Since having kids, my wife and I have taken our family on a canoe trip every year. And so we find ourselves with all the cooler-toting anglers, moose hunters and other parents of young children in need of a Really Big Canoe. There are fewer canoes in the three-seater, R.B.C. category, so it’s no surprise  that we stumbled upon what is likely the most popular of the bunch: the Souris River Quetico 18.5.

Souris River Quetico 18.5 Specs
Length: 18’6”
Width: 36.5”
Depth: 14”
Rocker: 2”
Weight: 49 lbs
Material: Kevlar
MSRP: Starting at $2,995

Souris River takes the all-around approach

While many classic, flatwater tripping canoes built in the Boundary Waters tradition are racing-inspired—long and narrow—Souris River founder Keith Robinson decided to take a different approach when he started canoe building in Atikokan, Ontario, a quarter-century ago.

Robinson is an ex-racer who knew all about sharp entry boats, says Souris River sales manager Wayne Docking, “but he didn’t want to build them.” Robinson aimed more for the optimum all-arounder, “the ultimate tripping canoe” comfortable, durable, and very novice and outfitter-friendly.

The Quetico 18.5 joins the family

The Quetico 18.5 is the longer, wider cousin of the best-selling Souris River Quetico 17 canoe. Docking describes the Quetico 18.5 as “middle of the road,” an “ideal compromise between stability and speed.”

“It’s a mum, dad and two kids kind of boat. It’s a family boat,” confirms Docking, describing my needs to a T. “The outfitters really like it for that reason plus they can put a couple 260-pound bass fishermen in it. If you’ve got big bodies, lots of packs and a few cases of beer, you put them in an 18.5. It’s very, very stable.”

Outfitters account for about half of Souris’ sales, and it’s common to find used Quetico 18.5 canoes when outfitters clear out their fleets, although Docking cautions that one year of outfitting use adds up to a lifetime’s worth of normal wear and tear.

“If you’ve got big bodies, lots of packs and a few cases of beer,
you put them in an 18.5. It’s very, very stable.”

From what I can tell Souris River canoes are up to the abuse, built of aircraft-quality epoxy resin, heavy gauge aluminum and four full layers of Kevlar on the entire hull. So far my canoe displays exceptional build quality and durability and is living up to Docking’s claims that Souris River builds the toughest Kevlar canoes on the market.

Light when empty, heavy when full

With its wide, nearly flat bottom and straight sides, our family found the Quetico 18.5 also lives up to its reputation for stability.

The Kevlar construction makes it incredibly lightweight, well-balanced and a pleasure to carry. It also means it’s designed to be paddled loaded. Empty, it’s a leaf in the wind. Loaded, speed and handling are on par with what we achieved in our similarly shaped 17-footer, despite the larger load.

With just two inches of rocker—the same as the Quetico 17 despite the extra length and compared to four inches on the Souris River Prospector 17.5—the 18.5 tracks as straight as you’d like and expect for lakewater, family tripping.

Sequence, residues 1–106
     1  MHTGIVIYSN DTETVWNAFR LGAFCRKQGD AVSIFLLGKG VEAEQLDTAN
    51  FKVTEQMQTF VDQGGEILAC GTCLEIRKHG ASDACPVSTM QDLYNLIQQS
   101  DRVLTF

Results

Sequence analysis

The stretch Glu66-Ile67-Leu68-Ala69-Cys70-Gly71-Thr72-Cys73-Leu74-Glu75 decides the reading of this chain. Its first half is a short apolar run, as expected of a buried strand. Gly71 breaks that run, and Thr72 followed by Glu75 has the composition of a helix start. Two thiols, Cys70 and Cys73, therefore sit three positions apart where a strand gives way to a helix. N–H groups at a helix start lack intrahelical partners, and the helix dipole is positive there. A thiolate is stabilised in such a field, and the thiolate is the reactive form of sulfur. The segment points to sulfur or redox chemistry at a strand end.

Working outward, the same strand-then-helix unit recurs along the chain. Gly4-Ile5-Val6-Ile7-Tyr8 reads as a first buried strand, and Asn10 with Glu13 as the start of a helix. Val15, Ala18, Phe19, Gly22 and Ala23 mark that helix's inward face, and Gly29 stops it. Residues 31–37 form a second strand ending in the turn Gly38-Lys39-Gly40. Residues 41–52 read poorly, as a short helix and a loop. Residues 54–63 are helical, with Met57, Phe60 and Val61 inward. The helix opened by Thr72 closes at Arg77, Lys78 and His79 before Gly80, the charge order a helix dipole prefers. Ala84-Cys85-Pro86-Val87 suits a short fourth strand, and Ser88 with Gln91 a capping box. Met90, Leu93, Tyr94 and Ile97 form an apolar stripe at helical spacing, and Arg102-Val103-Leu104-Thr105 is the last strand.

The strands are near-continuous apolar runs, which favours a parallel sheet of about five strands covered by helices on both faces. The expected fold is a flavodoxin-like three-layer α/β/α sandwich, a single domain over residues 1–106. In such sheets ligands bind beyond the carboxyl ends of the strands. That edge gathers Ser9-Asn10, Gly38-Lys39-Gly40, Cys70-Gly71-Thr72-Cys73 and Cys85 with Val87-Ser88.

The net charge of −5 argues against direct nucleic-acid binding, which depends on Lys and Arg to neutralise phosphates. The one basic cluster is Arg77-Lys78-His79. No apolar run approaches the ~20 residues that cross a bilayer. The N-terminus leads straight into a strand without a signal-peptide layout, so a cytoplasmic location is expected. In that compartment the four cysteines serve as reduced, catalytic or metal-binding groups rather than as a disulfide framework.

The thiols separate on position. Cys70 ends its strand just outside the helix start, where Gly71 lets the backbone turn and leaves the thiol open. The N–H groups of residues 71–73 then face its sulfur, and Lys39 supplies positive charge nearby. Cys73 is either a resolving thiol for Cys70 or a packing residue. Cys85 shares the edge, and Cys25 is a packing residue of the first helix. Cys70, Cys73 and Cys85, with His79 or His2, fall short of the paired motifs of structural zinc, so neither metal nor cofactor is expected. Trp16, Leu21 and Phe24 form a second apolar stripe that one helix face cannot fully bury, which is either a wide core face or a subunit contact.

The rounded entry bow and stern shape is comfortable with lots of room for legs, kids dogs or gear.

Two people on a canoe trip through a lake in the Souris River Quetico 18.5
Feature Photo: Gary McGuffin

Any port in a storm

The Souris River Quetico 18.5 is designed to ride drily over waves rather than punch through them and take on water. Or so the theory goes. Just don’t expect a completely dry ride if you’re loaded up with 500-pounds of family plus two-weeks’ of food and equipment. On our last trip’s windiest paddling day, heading into one-foot of chop on a large lake, stability was rock solid but we were still taking on some water over the 20-inch-deep bow.

On that windy day we simply paddled close to shore, hoping the waves wouldn’t get larger. If they had, we wouldn’t have wanted to be on the water anyway. This confirms the Quetico 18.5 is up to just about anything its target users are.

Souris River’s Quetico 18.5 is your floating family room

For running rivers or paddling on big lakes, nimbler handling, more rocker and deeper, drier sides might be on the wish list, but that would veer the 18.5 away from its intended purpose. It would certainly mean sacrificing some of the boat’s middle-of-the-road appeal.

With the Quetico 18.5, Souris River Canoes offers everything you need for a comfortable family canoe trip: initial stability, tracking, speed—and most importantly, lots of room.

This article was first published in Issue 51 of Paddling Magazine. Subscribe to Paddling Magazine’s print and digital editions, or browse the archives.


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  1. Just curious, did you look at Northstar Canoes? I know that they have at least two models that would have fit your needs. Northstar has three different layups depending on your needs from straightforward flat water to insane whitewater abuse.


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